Deer Camp Favorites- Venison Jerky Challenge: The Smoker vs. The Dehydrator
A recipe contributed by Justin Townsend of Harvesting Nature
Since I was a young teenager and began hunting on my own, I always appreciated the taste and functionality of venison jerky. Keeping with many traditions, my family either made jerky or snack sticks with much of the venison we harvested.
Now, as an adult, I have an absolute addiction to venison jerky. I won’t settle for the store-bought strips though. I only want the homemade variety. This recipe is my new “go to” recipe. I did try two preparation methods because I know some people don’t have both a smoker and a dehydrator (although I highly recommend having both to use in cooking).
This article pairs the two against each other using the same recipe. I compared time, texture, and overall flavor of both. I passed the pieces out to some work colleagues for a blind comparison.
The Smoked Jerky: It was smoky and chewy, but not too chewy like gas station jerky. I used alder to smoke the meat and the flavor of the wood complemented the citrus of the orange, lemon, and IPA I used in the marinade. The edges were crunchy and the center very tender. I like black pepper so I added a good amount before smoking. I think that the coarse pepper grinds held some extra flavor. I smoked the jerky for 5 hours at 180 degrees. I was afraid that the meat was burnt when I pulled it off of the smoker, but I never tasted the bitter burnt taste. The darker spots were just crispier than other areas.
The Dehydrator Jerky: The dehydrator jerky was cooked much longer. When I pulled the smoked jerky off of the smoker, the dehydrator jerky was still raw. I let it cook overnight which created a completely different texture and flavor profile. I found the dehydrator jerky to be drier and more rigid, but still tender after you bit into the meat. I did not find the smokiness of the smoked meat, a natural assumption because it was not smoked. The flavor was still there and the black pepper lingered well after I chewed all of the meat. On the downside, I did find the dehydrator jerky to be more salty even though I applied a uniform amount of salt to all of the meat from both batches.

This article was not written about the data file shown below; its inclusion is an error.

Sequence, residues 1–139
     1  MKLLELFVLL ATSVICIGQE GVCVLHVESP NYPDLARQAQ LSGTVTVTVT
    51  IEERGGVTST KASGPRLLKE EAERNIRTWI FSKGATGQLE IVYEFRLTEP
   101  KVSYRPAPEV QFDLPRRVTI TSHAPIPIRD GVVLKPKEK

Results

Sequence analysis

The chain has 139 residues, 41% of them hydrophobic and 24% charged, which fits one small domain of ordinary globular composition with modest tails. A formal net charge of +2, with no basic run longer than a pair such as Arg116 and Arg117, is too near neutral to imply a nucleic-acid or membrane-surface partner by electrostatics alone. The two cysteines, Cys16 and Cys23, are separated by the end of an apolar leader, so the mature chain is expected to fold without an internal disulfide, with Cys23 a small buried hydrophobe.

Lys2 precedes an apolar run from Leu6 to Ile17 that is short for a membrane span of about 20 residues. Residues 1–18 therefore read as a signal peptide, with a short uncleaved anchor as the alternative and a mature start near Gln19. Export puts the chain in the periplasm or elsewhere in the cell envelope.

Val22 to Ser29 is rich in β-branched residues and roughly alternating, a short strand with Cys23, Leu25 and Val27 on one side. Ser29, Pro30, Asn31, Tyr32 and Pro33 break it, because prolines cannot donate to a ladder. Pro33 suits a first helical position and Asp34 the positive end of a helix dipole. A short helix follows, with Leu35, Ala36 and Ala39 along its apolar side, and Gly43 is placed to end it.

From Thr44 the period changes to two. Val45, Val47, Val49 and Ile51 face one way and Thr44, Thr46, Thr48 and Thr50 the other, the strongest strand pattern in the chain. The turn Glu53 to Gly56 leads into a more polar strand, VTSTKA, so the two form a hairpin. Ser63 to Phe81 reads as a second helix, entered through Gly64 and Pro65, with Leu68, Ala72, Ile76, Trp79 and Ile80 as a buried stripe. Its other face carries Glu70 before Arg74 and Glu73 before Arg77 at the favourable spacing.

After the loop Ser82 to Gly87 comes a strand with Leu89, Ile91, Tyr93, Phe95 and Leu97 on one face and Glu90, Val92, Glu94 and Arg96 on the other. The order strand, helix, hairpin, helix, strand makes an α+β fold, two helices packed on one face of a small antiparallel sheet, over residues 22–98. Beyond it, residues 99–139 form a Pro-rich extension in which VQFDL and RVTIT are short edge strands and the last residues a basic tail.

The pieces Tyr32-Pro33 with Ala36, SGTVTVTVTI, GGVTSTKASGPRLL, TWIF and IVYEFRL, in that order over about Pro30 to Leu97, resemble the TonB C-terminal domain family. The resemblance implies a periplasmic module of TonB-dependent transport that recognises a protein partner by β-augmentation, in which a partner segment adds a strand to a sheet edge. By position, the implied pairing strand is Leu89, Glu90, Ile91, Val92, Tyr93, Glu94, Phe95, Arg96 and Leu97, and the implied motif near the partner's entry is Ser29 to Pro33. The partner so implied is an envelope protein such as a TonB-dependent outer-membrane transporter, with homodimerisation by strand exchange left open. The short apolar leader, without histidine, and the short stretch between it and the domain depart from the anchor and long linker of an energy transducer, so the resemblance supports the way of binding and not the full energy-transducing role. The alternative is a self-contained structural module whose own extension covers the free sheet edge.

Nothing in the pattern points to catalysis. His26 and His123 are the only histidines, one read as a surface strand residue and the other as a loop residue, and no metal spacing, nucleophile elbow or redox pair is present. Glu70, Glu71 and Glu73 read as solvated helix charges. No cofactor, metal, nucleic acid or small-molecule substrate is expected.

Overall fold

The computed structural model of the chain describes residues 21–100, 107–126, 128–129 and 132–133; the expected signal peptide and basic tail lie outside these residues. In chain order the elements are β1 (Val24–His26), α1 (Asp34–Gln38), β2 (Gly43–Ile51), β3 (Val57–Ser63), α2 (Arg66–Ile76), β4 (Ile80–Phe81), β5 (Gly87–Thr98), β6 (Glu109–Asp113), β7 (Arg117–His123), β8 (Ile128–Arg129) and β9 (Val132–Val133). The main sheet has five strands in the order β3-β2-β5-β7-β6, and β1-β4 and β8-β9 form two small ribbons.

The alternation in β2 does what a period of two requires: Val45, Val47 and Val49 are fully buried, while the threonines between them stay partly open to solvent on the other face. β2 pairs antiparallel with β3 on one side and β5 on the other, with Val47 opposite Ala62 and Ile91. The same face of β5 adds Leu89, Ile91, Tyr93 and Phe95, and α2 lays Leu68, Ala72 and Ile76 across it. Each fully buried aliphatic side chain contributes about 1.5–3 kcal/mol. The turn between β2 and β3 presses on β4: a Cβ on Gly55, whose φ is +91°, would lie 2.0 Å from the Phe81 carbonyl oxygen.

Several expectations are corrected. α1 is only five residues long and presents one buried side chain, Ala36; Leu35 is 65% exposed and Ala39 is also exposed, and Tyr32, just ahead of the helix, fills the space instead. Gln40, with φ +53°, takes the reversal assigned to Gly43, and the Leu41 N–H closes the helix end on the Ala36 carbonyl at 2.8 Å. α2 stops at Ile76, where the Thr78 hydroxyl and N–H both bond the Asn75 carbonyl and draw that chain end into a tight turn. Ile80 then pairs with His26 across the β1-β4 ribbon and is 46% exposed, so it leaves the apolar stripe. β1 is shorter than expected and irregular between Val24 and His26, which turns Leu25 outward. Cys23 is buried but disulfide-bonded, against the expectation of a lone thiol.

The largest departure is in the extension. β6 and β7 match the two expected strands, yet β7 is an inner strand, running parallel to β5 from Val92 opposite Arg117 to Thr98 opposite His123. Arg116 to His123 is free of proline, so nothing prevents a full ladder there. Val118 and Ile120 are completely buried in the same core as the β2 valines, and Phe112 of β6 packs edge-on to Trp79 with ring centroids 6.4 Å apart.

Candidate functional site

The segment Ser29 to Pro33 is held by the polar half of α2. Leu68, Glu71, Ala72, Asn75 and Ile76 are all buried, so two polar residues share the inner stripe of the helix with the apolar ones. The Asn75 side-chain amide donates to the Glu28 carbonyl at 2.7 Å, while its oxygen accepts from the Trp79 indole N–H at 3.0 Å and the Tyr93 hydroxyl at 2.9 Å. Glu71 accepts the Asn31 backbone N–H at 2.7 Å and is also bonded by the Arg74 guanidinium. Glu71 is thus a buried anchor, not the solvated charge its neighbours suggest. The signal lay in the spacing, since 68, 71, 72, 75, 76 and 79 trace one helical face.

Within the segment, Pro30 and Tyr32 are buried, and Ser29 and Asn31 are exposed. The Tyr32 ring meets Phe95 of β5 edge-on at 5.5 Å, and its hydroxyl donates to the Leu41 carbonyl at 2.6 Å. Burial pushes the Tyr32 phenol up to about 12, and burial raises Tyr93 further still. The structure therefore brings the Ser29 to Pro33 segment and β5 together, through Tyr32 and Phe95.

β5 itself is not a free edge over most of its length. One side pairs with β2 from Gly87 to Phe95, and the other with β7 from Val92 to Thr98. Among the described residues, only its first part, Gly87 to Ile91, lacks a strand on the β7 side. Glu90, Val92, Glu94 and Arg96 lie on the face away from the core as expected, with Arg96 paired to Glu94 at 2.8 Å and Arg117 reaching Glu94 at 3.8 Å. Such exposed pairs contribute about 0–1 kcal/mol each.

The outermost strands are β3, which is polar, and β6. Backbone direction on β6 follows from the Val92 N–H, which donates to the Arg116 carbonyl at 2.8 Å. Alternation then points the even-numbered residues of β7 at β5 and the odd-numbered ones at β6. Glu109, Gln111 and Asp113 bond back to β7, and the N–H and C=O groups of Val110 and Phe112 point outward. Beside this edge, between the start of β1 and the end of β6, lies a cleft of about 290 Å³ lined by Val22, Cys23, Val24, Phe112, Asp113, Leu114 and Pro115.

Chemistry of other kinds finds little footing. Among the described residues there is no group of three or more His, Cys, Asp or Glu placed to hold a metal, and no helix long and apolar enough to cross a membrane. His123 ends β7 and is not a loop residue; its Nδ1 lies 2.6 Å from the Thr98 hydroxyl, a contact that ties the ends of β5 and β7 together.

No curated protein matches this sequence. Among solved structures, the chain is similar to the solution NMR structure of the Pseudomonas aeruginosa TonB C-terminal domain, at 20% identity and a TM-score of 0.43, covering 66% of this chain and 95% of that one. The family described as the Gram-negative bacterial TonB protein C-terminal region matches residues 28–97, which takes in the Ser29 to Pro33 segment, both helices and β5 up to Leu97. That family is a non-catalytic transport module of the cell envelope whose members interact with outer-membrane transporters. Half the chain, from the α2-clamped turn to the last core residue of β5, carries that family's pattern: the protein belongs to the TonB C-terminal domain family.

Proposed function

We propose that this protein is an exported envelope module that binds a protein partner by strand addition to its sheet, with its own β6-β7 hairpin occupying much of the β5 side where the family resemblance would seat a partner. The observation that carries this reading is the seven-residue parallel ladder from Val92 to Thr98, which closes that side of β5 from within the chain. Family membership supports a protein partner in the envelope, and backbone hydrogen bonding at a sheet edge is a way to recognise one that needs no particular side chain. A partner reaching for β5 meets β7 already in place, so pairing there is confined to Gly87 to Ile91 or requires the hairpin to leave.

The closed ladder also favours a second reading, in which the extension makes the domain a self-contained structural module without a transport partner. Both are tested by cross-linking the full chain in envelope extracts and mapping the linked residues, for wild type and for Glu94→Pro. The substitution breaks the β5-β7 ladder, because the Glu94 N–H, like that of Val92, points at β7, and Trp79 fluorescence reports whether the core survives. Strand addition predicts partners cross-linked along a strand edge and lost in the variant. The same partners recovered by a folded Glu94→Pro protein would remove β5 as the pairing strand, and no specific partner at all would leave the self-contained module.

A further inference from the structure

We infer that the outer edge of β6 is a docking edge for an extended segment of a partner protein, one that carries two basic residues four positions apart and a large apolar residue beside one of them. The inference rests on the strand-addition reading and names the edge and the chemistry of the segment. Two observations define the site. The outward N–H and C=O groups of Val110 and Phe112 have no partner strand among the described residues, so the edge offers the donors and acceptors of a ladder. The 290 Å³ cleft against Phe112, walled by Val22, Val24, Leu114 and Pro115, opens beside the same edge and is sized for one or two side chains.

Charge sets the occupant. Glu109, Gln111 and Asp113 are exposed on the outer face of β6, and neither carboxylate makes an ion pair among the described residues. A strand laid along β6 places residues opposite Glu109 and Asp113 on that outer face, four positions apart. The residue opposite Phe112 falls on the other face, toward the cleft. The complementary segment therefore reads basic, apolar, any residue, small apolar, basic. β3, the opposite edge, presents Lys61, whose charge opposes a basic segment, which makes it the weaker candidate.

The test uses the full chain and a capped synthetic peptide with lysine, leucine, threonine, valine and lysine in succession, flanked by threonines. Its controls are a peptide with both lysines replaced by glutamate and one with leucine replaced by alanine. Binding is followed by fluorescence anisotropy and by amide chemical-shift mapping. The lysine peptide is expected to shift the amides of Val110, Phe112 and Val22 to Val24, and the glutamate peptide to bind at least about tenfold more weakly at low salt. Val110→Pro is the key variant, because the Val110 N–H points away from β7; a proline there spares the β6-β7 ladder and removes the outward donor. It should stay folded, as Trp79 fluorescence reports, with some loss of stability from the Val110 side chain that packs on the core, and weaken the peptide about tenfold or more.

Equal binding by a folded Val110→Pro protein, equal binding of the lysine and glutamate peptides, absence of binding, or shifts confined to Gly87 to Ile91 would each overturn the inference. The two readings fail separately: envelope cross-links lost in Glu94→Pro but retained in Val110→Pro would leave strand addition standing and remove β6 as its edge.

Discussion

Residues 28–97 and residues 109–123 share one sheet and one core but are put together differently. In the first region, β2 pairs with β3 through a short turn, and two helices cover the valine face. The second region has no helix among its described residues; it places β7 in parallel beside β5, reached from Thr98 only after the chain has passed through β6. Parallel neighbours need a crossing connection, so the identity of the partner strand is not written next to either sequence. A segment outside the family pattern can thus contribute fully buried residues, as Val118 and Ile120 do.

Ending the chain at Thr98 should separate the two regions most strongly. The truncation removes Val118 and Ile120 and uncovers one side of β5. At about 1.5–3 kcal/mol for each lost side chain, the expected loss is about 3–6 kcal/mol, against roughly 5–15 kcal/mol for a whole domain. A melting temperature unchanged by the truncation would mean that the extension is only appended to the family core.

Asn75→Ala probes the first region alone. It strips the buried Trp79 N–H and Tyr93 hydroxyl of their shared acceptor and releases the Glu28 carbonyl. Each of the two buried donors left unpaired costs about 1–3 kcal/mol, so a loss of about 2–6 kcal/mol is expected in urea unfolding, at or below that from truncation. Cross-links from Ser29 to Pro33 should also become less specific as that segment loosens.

In the end, I like the smoky flavor and the tender chewy texture of the smoked jerky, so that method is my winner.
Notes From the Kitchen: Justin uses a pellet smoker and indicates he prefers using alder wood pellets for smoking the jerky. Also, a hint to get your venison meat sliced evenly is to have it near freezing temperature when you cut it up.
4 lbs of thinly sliced venison meat
3 oranges, juiced
1 tablespoon lemon juice
½ cup oil
6 garlic cloves
1 teaspoon salt
1 teaspoon black pepper
1 teaspoon chili powder
1 teaspoon smoked paprika
1 1/2 teaspoons cumin
¼ teaspoon cayenne pepper
1 teaspoon Herbs de Provence
3 tablespoons Worcestershire sauce
1 tablespoon agave nectar
1 (12oz) IPA beer
**Additional salt, pepper and garlic powder (for seasoning the meat before smoking_
- Mix all ingredients, except the venison in a blender and puree until smooth
- Place the sliced venison in a large bowl, cover with marinade, and chill for 24 hours
- The next day, remove each strip from the marinade and let excess marinade drip off
- Place each piece flat, in a single layer, on a baking sheet
- **Amply season all pieces with ground black pepper, salt, and garlic powder
- Place the meat in a smoker to cook at 180 degrees for 5 hours – OR – Place the meat in a dehydrator and let it cook overnight or approximately 8 hours.
About the Chef: Justin C. Townsend has been a hunter and angler since he was a child. After moving away from home to college where he was able to tune his culinary skills as a professional chef, Justin combined his passion for the outdoors and his love for food to create the online publication, Harvesting Nature, for which he serves as the editor-in-chief.
He is the author of the cookbook Eat Wild Game, which was written with the hunter and home cook in mind. You can purchase his cookbook and get more information at HarvestingNature.com